Authored by Noah, Content Producer
Mavel Universe’s Super Storytelling
The story is, in my opinion, the most important part of the creative process. You could have amazing visuals but if the audience can’t connect with the characters then it doesn’t matter.
On top of that with how readily available stories are to consume via streaming services, social media, and traditional movies. People have become more critical of what they view. To me, this is most prevalent in comic book movie franchises.
The Journey to Character Depth
Looking at some of the first Marvel movies the stories were very simple. The virtuous hero was granted their powers, not looking for power, and must defeat the villain, who already was just a bad person, all while coming to terms that their life is no longer normal.
Pretty simple story, good is good, and bad is bad. This format has worked for thousands of years which is probably why Marvel movies were not taken seriously. The characters, much like the original comics, were flat. At least until a booze-drinking playboy known as Tony Stark decided to save the world from a titan that saw a problem with an easy and fair solution of just erasing half of everything at random.
These characters have a bit more to unpack. The hero is not necessarily deserving of the power they wield. The villain can be viewed as the only person willing to live with the burden of a necessary decision. It’s no wonder these types of characters drew in some of the biggest audiences in movie history.
Old School Bad Boy vs. Sympathetic Teenager
If audiences want deep and complex characters, then why did the newest Spider-Man movie makes one of the most influential villains so one-sided? If you’re unfamiliar with the villains check out this trailer Spider-Man No Way Home: Villain Trailer .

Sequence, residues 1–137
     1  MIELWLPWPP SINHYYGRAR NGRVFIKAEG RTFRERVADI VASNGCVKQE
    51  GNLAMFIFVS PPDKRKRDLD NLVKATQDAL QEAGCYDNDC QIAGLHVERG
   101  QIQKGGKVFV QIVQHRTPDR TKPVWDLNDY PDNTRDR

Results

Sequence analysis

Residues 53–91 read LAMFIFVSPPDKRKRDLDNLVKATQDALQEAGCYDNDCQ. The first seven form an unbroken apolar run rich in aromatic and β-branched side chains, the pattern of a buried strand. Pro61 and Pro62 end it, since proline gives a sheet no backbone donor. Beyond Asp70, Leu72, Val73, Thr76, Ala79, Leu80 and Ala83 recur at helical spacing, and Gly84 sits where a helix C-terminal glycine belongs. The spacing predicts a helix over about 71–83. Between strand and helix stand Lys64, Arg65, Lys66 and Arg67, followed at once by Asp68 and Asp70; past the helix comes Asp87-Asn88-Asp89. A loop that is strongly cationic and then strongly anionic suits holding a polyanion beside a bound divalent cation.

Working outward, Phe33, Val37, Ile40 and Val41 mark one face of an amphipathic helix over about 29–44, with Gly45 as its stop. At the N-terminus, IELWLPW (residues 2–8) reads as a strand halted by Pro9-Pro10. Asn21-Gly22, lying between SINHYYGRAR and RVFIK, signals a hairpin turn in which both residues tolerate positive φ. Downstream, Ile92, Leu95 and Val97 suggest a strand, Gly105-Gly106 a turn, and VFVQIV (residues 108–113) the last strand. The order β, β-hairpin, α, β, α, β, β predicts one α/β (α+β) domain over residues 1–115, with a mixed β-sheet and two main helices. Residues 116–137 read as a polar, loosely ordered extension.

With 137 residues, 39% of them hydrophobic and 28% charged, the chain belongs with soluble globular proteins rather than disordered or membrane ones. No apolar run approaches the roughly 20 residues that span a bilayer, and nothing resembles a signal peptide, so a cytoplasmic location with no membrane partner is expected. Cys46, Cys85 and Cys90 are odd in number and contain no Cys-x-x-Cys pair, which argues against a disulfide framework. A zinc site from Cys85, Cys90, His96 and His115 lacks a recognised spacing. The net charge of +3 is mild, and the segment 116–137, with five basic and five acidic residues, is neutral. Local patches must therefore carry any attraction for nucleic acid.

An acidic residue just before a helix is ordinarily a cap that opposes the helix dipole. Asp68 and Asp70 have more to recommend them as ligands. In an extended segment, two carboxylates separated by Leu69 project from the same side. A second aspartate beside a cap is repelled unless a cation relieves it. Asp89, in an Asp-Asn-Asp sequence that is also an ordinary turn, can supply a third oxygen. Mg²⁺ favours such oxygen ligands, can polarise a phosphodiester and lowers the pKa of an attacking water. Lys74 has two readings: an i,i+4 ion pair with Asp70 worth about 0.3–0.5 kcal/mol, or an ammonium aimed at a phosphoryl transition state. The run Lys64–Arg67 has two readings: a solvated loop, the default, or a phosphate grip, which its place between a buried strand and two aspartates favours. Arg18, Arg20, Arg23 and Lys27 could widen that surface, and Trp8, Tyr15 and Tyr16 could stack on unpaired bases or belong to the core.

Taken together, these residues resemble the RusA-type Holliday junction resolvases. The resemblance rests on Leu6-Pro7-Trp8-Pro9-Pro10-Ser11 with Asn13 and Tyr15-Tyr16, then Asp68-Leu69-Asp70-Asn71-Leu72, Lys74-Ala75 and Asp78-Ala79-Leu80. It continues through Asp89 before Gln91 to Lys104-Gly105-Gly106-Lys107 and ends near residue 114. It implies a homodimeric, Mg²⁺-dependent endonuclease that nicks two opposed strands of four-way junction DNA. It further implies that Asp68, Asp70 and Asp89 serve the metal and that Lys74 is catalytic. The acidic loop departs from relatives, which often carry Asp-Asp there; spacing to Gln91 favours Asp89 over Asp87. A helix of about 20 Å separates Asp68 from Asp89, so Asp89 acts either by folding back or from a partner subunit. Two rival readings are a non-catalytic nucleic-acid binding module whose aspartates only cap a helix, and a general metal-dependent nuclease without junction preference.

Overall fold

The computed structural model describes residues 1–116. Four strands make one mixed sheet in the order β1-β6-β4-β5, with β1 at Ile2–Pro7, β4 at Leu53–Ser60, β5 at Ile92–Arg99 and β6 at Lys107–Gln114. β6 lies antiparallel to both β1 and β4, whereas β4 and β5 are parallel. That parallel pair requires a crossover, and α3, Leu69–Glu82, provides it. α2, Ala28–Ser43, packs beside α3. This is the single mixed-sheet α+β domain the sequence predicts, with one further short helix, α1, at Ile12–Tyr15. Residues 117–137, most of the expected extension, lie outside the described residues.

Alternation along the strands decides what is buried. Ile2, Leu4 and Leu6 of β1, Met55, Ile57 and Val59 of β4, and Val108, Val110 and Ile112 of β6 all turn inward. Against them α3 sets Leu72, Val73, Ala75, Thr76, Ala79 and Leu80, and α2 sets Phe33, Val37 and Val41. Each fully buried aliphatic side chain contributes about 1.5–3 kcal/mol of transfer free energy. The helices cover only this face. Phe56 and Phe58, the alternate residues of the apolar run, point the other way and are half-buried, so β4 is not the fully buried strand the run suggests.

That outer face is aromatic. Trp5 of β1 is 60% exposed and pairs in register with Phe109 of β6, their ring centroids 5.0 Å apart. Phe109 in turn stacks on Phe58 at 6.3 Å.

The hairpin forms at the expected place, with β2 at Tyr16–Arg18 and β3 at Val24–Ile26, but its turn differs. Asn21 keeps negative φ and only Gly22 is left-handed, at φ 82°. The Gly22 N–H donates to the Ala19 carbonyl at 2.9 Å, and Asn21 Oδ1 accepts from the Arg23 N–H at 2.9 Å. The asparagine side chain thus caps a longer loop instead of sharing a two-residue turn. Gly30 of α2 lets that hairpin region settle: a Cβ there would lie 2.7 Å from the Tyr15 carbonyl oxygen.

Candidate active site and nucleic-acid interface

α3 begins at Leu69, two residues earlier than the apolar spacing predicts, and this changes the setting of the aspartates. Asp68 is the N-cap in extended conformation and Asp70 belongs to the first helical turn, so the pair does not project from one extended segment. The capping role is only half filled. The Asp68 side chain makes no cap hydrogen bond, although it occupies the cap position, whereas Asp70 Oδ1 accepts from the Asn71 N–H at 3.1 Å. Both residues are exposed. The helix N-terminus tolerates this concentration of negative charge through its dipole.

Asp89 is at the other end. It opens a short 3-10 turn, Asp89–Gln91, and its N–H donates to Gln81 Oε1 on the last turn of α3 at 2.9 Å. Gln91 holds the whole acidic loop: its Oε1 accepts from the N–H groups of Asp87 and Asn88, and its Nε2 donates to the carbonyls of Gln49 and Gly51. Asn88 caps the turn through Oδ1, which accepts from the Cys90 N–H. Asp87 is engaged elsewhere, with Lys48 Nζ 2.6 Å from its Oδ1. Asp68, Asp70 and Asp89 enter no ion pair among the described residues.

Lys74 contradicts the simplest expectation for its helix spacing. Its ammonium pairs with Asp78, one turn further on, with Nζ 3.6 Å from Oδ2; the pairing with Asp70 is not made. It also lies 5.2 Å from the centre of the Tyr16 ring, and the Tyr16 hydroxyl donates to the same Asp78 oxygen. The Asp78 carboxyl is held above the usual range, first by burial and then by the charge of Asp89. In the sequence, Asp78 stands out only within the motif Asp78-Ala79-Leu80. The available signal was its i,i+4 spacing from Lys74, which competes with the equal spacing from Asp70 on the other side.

Spider-Man No Way Home gave its audience a nostalgic look back on old villains now brought into the current franchise, the most iconic being The Green Goblin. This character is known for wanting to achieve power and cause chaos for no reason other than to torment the innocent. Green Goblin when boiled down is just a bully being mean because it’s fun.
While this may seem like a flat character it actually goes much deeper when you realize how complex this new world is for Green Goblin. From a storytelling perspective, this is a huge opportunity for main character growth and development. Spider-Man has only faced villains with a humanistic motive, making them not only relatable to the audience but to the hero. We see Spider-Man struggle with defeating villains that he too can view as a person who needs help.
Introducing a character of pure evil means your hero has a much more difficult decision to make. When Green Goblin takes the lives of innocent people seemingly for fun, does that mean a hero with power has the right to take their life? These are deep emotional questions a character can face, making them more relatable to an audience member who has had to make tough, unfair decisions in their lives.
Focusing Your Audience
In my own writing, introducing a one-sided character into a world of more complex characters is something you want to do in order to showcase a specific character’s growth. In No Way Home, the audience didn’t need to see the trauma that caused Green Goblin to become evil, it was simply an experiment that went wrong. This allowed the story to focus on Spider-Man’s growth from a world of childlike innocence to a world of tough decisions that can feel unfair.
Not giving the audience two opposite characters to root for allows them to really focus on the message the storyteller wants to get across. Moreover, this can apply to any genre, so next time you’re looking to give your complex character a new opponent try taking a page out of the comics.